The infuriating thing is that I think there might be. We could write articles acknowledging that certain conversations can exacerbate crippling guilt and self-loathing, particularly for people with anxiety, depression, or other mental illnesses that make them fixate on their own perceived worthlessness. We could really, truly, not-just-lip-service integrate concern for those people into our activism. We could acknowledge how common this experience is and have resources to help people. We could stop misidentifying anguish as entitlement, and stop acting like anguish that does have entitlement at its root is deserved or desirable or hilarious.
Damore wrote an article that said that he felt his work environment was hostile to his political beliefs, outlined why he was critical of Google's policies and practices, justified his ideas in terms of the good of Google (aka Google's bottom line), and had the misfortune to have the article to go public. It generated bad press for Google, and bad feelings among Google employees. One of his complaints was essentially that he was not allowed to express political ideas that annoyed the majority. Why is it a surprise that he was terminated. A public company is not the appropriate place to express your political views in opposition to others whether you are in the majority or the minority, left or right.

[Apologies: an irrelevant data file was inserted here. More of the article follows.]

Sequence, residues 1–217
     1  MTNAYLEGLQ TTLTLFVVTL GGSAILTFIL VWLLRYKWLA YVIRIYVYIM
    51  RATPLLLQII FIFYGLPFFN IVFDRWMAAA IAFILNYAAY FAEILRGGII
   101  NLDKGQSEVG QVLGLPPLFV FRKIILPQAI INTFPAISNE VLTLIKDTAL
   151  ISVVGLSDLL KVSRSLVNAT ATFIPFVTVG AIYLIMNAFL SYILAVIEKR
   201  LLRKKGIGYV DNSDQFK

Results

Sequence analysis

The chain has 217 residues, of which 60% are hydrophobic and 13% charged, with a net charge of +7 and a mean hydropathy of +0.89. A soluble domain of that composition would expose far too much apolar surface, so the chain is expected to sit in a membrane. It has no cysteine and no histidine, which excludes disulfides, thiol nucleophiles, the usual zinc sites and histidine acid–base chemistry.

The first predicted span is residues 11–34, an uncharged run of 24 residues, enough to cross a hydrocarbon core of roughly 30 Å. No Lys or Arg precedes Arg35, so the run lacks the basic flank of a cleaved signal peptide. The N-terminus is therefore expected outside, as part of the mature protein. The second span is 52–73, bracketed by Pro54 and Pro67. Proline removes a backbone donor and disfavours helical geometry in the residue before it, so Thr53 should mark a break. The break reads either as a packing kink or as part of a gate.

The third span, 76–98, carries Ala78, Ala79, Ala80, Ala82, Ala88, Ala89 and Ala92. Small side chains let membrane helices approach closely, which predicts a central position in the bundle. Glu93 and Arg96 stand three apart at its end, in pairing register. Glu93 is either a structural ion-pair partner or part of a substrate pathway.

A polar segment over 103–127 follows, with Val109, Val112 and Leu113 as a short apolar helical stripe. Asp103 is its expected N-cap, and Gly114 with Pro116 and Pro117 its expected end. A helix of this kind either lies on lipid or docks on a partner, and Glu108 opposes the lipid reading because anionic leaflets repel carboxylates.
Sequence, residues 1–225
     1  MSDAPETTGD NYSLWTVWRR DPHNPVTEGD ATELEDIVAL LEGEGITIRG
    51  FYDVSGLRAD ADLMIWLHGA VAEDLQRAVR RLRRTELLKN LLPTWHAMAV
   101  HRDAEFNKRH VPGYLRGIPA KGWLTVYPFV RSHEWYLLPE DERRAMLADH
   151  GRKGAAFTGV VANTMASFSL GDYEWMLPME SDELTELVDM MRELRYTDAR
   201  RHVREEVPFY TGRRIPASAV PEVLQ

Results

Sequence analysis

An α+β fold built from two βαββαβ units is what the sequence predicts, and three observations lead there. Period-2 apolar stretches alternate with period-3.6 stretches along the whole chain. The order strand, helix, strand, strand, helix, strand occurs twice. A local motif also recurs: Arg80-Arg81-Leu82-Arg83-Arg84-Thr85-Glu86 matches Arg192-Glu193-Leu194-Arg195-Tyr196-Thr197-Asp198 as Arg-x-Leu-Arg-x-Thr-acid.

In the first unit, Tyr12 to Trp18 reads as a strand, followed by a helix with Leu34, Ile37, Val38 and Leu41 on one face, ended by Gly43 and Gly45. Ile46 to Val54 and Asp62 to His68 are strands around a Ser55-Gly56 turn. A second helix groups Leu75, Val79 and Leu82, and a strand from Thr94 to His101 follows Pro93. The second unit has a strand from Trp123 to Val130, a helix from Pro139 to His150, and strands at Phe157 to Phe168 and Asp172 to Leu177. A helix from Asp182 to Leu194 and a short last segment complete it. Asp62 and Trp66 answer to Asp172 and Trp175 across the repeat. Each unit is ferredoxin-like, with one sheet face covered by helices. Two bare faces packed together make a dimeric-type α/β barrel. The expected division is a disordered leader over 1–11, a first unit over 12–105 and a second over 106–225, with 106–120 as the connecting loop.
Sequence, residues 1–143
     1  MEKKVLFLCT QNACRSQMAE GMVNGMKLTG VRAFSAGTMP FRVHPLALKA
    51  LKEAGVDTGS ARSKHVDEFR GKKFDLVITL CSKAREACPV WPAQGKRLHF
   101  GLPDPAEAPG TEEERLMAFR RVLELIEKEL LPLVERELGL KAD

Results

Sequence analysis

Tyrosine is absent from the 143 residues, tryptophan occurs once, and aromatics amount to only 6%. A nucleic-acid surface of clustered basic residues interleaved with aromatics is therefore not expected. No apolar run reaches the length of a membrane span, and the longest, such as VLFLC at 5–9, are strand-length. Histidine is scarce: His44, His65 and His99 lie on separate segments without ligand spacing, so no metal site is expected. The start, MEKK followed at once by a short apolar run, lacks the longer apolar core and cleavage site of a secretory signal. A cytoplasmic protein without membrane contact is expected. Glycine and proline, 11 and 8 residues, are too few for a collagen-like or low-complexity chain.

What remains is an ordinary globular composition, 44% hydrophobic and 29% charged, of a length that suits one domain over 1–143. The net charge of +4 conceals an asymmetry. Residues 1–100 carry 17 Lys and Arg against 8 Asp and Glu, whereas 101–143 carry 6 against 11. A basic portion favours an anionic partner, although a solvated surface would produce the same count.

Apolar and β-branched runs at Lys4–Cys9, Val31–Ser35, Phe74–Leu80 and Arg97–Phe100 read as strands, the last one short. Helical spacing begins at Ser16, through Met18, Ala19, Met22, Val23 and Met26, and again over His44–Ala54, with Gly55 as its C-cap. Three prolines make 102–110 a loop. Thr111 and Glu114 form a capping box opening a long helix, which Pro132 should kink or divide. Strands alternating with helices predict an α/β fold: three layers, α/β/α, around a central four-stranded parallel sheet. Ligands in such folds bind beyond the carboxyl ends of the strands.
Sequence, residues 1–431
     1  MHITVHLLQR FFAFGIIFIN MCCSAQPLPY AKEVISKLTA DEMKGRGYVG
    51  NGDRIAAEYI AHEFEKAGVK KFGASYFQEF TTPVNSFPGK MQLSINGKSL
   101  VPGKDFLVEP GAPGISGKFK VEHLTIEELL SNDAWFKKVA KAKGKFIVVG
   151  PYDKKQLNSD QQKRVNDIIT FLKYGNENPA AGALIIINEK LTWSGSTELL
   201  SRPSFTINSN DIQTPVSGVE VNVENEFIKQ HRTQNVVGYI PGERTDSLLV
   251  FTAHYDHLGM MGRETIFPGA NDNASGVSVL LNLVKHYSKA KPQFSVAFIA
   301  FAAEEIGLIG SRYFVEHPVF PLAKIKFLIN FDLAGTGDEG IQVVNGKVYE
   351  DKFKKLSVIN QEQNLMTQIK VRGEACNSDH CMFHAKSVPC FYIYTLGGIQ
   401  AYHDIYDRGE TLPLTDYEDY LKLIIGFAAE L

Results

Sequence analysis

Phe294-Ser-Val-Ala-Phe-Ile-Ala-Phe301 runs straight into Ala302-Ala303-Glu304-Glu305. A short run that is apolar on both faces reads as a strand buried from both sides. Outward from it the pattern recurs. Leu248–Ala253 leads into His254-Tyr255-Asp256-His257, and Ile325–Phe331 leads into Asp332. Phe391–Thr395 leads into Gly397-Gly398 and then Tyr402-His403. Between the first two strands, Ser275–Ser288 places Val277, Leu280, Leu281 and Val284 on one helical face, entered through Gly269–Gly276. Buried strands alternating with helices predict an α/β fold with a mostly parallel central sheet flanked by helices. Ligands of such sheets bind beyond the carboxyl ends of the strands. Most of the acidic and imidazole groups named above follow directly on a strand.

The FBI also used illegal undercover operations to harass and disrupt Communist and other dissident political groups. In 1956, Hoover was becoming increasingly frustrated by Supreme Court decisions that limited the Justice Department's ability to prosecute Communists. At this time he formalized a covert "dirty tricks" program under the name COINTELPRO.  COINTELPRO actions included planting forged documents to create the suspicion that a key person was an FBI informer, spreading rumors through anonymous letters, leaking information to the press, calling for IRS audits, and the like. The COINTELPRO program remained in operation until 1971.